Wales vaccinating fastest because they can depend on England’s stock if they run out, Hancock says
Wales has been able to vaccinate at the fastest rate in the world because they could always depend on England’s stock if they ran out, Matt Hancock has said.
The UK Government’s Health Secretary has been appearing in front of a committee of MPs today to answer questions about his handling of the coronavirus pandemic.
Asked why Wales was so far ahead of England on vaccination, he said England needed to keep a stock for second jabs while Wales was using all the jabs they had as soon as they received them.
He said that they did this knowing that “if there was an interruption to supply that England’s buffer would be used” to ensure that no one missed getting their full vaccination.
He said he was reluctant to answer the question because he “very much liked” his colleagues in Wales and didn’t want to undermine their work.
He was responding to a question by Labour MP Graham Stringer who asked why “Wales, not just in the United Kingdom, but it’s comparable to any country in the world, in terms of the number of vaccinations it’s got out as a percentage”.
“And the conclusion they came to was that they had stopped holding stock and as soon as they got the vaccinations they got them into people’s arms.
“And England, Scotland and Northern Ireland don’t seem to have been doing that – is that not a solution to Greater Manchester and anywhere else that is suffering increased infections.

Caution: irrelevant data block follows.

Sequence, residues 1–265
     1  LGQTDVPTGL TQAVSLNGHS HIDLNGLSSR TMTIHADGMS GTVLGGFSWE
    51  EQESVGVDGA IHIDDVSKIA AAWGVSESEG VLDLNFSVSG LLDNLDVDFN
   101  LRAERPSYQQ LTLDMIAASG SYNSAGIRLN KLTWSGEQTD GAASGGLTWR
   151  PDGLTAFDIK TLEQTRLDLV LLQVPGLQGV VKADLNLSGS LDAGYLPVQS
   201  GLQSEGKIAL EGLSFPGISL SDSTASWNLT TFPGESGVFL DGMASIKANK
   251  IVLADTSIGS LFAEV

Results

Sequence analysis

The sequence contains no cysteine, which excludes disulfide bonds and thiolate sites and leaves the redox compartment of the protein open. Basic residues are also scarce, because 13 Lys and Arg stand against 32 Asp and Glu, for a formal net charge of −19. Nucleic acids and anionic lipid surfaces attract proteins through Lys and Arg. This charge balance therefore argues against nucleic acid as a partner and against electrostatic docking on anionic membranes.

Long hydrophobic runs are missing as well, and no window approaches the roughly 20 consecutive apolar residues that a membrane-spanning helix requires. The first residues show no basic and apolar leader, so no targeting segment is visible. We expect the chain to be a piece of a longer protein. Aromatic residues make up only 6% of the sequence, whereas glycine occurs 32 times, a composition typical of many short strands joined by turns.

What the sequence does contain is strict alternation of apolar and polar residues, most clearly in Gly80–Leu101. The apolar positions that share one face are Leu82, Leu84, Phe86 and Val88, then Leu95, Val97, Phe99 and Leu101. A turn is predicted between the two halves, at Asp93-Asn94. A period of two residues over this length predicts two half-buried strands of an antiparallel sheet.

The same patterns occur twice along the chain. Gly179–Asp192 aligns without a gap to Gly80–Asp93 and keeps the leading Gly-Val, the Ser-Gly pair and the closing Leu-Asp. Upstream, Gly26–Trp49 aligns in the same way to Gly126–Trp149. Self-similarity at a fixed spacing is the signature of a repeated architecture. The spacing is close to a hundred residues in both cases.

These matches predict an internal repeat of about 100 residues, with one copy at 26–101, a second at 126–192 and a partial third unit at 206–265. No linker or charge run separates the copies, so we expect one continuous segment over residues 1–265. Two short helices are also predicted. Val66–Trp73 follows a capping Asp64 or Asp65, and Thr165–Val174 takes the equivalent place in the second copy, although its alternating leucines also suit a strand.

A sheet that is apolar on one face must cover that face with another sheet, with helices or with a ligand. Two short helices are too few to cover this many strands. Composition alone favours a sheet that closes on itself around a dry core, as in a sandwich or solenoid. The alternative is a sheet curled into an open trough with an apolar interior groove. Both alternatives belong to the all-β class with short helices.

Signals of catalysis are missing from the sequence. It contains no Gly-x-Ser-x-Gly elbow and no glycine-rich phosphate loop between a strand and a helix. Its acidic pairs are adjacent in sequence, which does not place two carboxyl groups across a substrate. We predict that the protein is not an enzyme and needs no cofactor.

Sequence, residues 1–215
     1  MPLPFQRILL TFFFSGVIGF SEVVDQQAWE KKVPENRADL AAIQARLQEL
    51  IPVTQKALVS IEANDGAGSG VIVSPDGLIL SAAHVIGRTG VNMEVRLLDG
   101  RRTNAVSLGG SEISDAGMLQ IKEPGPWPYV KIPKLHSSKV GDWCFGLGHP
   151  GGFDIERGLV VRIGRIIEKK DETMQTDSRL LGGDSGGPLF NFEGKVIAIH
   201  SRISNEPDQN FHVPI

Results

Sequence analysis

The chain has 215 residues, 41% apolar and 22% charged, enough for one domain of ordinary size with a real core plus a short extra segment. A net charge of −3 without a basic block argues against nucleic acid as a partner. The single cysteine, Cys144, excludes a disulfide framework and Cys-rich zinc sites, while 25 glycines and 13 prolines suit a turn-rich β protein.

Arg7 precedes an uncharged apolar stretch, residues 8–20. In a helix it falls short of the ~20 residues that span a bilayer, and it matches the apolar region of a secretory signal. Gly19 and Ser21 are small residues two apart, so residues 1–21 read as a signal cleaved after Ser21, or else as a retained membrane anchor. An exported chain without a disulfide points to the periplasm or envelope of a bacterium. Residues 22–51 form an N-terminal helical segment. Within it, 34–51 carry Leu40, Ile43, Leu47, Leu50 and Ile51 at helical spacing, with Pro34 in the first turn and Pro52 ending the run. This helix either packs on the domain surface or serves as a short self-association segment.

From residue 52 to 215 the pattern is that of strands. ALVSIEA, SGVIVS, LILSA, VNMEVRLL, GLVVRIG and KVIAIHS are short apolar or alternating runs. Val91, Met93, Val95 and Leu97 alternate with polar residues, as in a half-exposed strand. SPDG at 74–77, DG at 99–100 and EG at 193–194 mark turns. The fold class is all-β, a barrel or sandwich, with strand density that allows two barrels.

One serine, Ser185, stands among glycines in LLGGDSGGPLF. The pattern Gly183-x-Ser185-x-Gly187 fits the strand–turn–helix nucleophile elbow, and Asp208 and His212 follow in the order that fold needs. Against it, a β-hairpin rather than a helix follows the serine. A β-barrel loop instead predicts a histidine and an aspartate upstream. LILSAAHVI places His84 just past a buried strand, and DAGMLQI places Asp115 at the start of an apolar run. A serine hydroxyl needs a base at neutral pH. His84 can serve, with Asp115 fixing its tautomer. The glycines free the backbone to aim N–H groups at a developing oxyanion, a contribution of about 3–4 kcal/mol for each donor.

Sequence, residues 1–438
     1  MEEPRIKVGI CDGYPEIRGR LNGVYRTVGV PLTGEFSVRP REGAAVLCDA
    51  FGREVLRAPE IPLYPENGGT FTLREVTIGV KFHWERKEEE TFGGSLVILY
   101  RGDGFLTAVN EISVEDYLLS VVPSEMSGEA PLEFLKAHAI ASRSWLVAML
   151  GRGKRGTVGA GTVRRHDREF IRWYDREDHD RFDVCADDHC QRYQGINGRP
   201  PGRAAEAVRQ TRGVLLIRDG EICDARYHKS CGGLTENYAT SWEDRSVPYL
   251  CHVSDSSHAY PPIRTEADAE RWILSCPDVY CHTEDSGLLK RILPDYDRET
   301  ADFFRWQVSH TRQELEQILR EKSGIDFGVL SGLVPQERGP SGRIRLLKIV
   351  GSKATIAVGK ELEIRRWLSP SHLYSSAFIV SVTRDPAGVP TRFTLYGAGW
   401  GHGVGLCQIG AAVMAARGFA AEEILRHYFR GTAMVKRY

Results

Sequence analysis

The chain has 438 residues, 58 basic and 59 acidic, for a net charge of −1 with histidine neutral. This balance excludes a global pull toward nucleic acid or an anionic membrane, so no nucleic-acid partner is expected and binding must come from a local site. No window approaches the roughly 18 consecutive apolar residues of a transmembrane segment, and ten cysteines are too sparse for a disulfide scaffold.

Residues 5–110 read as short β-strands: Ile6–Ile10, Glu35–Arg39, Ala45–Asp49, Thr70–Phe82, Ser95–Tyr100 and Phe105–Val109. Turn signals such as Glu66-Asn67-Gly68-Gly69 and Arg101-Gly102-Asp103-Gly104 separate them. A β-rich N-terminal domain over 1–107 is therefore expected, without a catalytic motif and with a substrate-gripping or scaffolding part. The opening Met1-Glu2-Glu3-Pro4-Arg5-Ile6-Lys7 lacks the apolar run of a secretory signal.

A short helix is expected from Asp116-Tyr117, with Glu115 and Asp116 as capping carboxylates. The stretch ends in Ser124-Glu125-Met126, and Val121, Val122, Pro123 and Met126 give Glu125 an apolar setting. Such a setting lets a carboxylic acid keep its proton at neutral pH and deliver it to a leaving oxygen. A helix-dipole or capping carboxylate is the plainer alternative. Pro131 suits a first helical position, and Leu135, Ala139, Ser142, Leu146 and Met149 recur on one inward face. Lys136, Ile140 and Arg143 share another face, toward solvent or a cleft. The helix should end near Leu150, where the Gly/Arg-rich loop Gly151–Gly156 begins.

“That the country stops holding on, that there may be problems in the future, but getting those vaccinations into people’s arms is a good thing?”
Matt Hancock answered to say he was “grinning because I’m working out whether to give you the full answer”.
“Because I very much like my colleagues in Wales and although we’re different parties running – devolved administrations and running the UK Government – there is a very clear answer to why this happened,” he said.
“And because you asked so nicely I’m going to set it out. And then I will phone up my new Welsh opposite number afterward.
“The reason is this: That we need to ensure that whatever happens in terms of security of supply, that there is enough vaccine for people to get their second doses. So we ensure that there is enough of a buffer that we can be confident that people will get their second doses.
“Now, it’s a judgement how big that buffer needs to be. Um, our colleagues in Wales, as you say, decided to hold no such buffer, and go ahead on the presumption that supply would come through.
“But they also knew that if there was an interruption to supply that England’s buffer would be used to ensure that nobody in Wales would miss their second vaccination.
“Now that is not a – that is not a decision I could make for England, because I can’t draw on anybody else’s buffer. So I suppose what this demonstrates is the value of the UK-wide vaccination programme and the fact that we’ve taken a whole of the UK approach benefits everybody including in Wales.
“It enormously benefits everybody living in Scotland because we were able to procure on behalf of the whole United Kingdom. And I would argue that the vaccination programme demonstrates that the union saves lives. And in the case of Wales the Union has helped them to have one of the fastest vaccination programmes in the world. And I wish them every luck in the dellivery of it.”